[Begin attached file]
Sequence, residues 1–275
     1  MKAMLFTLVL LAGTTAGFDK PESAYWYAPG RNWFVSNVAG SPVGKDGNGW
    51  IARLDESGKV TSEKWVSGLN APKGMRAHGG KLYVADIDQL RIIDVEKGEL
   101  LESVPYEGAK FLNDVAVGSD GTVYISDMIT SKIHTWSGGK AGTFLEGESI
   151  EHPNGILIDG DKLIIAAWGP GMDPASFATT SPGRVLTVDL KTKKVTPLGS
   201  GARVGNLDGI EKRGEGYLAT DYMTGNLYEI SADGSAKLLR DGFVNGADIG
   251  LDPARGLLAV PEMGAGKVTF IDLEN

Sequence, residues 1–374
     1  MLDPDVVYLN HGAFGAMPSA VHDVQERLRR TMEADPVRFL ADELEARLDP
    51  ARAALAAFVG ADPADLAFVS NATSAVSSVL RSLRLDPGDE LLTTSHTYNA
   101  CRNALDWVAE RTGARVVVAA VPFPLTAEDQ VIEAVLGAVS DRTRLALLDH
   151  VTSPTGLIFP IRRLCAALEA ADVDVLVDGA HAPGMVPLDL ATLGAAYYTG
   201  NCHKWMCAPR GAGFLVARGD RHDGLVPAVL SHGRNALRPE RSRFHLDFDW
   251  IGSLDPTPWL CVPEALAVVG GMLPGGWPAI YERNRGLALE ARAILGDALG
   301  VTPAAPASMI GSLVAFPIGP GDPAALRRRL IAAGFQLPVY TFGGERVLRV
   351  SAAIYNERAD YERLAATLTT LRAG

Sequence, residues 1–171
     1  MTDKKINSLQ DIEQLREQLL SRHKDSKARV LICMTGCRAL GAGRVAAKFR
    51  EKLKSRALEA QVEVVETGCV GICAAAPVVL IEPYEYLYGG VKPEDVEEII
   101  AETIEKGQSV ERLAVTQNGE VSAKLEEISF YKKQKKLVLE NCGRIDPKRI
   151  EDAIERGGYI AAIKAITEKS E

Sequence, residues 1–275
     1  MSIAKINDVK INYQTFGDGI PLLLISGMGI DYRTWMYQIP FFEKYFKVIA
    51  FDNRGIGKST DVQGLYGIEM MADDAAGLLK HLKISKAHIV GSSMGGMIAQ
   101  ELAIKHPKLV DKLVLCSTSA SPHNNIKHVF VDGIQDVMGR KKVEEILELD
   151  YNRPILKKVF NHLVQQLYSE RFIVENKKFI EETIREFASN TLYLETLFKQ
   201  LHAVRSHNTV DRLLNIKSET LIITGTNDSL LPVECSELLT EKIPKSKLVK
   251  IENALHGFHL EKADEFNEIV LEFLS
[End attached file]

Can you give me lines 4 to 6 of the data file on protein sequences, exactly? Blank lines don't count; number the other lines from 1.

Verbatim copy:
   101  LESVPYEGAK FLNDVAVGSD GTVYISDMIT SKIHTWSGGK AGTFLEGESI
   151  EHPNGILIDG DKLIIAAWGP GMDPASFATT SPGRVLTVDL KTKKVTPLGS
   201  GARVGNLDGI EKRGEGYLAT DYMTGNLYEI SADGSAKLLR DGFVNGADIG